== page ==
G.R. No. 148605 Tobacco Corporation (Fortune) was not obliged to pay the excise tax on its
importations of stemmed leaf tobacco for the periods from January 1, 1986 to
June 30, 1989 and July 1, 1989 to November 30, 1990. In G.R. No. 148605,
STERLING TOBACCO CORPORATION, Petitioner,
Sterling Tobacco Corporation (Sterling) appeals11 the decision12 of the Court of
vs.
Appeals that reversed the Court of Tax Appeals’ decision13 and held it liable to
COMMISSIONER OF INTERNAL REVENUE, Respondent.
pay deficiency excise taxes on its importation and local purchases of stemmed
leaf tobacco from November 1986 to June 24, 1989. G.R. No. 144942is an
x-----------------------x appeal14 from the Court of Appeals’ decision15 that affirmed the Court of Tax
Appeals’ decision16 and ordered the refund of specific taxes paid by La Suerte
G.R. No. 158197 on its importation of stemmed leaf tobacco in April 1995. In G.R. No. 158197,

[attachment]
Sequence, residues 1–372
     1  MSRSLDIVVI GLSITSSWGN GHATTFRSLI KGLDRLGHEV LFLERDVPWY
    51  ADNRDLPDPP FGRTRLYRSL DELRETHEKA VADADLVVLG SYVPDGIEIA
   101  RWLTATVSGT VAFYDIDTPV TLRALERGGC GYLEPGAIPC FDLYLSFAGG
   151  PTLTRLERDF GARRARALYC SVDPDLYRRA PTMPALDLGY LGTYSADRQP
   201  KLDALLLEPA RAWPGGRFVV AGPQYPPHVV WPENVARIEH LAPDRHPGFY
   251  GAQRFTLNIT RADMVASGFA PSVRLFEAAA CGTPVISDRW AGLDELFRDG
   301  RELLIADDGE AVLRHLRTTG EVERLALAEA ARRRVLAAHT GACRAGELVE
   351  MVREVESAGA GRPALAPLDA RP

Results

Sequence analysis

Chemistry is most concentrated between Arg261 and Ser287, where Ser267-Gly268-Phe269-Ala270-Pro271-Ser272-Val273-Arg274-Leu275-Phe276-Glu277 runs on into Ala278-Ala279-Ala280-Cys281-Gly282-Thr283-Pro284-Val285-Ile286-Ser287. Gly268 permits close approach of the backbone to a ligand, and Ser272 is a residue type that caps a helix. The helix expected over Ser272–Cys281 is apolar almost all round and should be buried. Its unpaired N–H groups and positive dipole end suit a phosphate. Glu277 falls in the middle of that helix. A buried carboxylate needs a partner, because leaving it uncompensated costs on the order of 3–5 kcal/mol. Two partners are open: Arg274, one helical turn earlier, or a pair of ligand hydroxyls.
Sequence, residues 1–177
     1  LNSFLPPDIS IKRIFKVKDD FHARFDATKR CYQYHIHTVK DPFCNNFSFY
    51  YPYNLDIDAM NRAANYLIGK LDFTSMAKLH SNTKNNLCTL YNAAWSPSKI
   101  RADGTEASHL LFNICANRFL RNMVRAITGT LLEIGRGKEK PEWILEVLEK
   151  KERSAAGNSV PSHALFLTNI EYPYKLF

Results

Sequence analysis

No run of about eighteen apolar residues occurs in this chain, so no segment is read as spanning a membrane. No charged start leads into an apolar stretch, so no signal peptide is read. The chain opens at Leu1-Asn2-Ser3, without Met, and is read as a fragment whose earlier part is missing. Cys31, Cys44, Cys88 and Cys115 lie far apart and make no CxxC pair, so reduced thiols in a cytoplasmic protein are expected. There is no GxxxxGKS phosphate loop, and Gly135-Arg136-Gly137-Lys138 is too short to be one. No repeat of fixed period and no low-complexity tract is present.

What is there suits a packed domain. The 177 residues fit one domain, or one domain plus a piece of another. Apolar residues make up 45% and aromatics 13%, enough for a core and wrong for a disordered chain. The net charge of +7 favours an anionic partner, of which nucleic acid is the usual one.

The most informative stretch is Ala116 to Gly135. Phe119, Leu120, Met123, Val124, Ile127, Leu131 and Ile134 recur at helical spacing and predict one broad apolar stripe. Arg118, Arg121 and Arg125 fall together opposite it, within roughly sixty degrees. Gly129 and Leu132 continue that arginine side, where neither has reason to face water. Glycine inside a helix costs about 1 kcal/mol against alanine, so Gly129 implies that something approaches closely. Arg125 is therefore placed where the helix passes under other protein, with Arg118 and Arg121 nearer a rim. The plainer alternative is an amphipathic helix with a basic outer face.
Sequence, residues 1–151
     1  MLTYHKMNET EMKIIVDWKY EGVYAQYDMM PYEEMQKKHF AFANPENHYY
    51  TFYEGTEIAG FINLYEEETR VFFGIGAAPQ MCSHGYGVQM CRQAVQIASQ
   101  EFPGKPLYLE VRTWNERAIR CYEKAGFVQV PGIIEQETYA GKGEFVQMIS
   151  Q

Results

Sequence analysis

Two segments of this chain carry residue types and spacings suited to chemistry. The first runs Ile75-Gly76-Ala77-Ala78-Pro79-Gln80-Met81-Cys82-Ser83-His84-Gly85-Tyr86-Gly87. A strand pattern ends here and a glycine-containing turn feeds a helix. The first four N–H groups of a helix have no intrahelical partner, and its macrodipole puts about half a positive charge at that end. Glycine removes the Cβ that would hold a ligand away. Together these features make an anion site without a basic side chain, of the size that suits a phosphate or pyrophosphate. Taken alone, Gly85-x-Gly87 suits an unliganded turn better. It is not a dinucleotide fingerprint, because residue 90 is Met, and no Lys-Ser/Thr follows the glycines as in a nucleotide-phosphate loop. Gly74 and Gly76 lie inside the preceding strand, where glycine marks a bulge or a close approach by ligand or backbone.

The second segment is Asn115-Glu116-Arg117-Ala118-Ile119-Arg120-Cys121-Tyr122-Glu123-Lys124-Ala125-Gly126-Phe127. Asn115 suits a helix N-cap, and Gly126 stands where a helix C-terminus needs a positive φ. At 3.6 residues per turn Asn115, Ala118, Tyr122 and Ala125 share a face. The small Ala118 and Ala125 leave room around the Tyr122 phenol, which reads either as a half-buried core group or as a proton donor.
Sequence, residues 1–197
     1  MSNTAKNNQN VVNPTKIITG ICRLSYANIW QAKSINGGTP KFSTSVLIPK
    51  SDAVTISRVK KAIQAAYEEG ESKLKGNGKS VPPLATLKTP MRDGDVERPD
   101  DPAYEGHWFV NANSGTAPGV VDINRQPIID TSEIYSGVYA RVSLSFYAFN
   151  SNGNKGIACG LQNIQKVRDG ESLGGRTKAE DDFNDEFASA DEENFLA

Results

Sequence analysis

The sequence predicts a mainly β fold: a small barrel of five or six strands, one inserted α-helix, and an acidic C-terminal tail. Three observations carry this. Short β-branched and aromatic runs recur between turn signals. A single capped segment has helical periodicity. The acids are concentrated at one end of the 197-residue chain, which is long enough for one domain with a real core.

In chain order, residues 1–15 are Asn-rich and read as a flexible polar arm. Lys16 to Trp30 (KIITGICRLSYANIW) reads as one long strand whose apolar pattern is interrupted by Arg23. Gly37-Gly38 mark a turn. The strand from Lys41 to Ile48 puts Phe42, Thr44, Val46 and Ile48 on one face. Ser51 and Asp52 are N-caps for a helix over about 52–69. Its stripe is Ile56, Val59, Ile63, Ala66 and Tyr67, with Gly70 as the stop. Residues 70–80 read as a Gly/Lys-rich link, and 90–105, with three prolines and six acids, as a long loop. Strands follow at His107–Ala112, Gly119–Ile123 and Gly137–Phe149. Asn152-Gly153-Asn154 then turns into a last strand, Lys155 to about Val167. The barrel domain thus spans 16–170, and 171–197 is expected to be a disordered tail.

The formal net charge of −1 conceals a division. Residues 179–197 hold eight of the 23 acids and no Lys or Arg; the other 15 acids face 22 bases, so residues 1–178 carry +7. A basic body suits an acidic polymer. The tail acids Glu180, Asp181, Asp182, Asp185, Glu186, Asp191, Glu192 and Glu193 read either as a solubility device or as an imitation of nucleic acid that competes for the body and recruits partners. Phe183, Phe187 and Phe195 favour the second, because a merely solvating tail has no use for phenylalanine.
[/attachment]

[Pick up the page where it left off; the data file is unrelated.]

La Suerte sought to appeal17the decision18 of the Court of Appeals holding it
liable for deficiency specific tax on its local and imported purchases of
LA SUERTE CIGAR & CIGARETTE FACTORY, Petitioner,
stemmed leaf tobacco and those it sold for the period from June 21, 1989 to
vs.
November 20, 1990. Finally, in G.R. No. 165499, La Suerte again sought to
COMMISSIONER OF INTERNAL REVENUE, Respondent.
appeal by certiorari19 the decision20 of the Court of Appeals reversing the Court
of Tax Appeals and holding it liable for deficiency specific tax on its importation
x-----------------------x of stemmed leaf tobacco in March 1995.

G.R. No. 165499 Factual background

LA SUERTE CIGAR & CIGARETTE FACTORY, Petitioner, Overview of cigarette manufacturing


vs.
COMMISSIONER OF INTERNAL REVENUE, Respondent.
The primary component of cigarettes is tobacco, a processed product derived Redrying and aging
from the leaves of the plants in the genus Nicotiana.21 Most cigarettes contain
a mixture or blend of several types of tobacco from a variety of sources. After purchase, leaf tobacco is re-dried and then added with moisture to make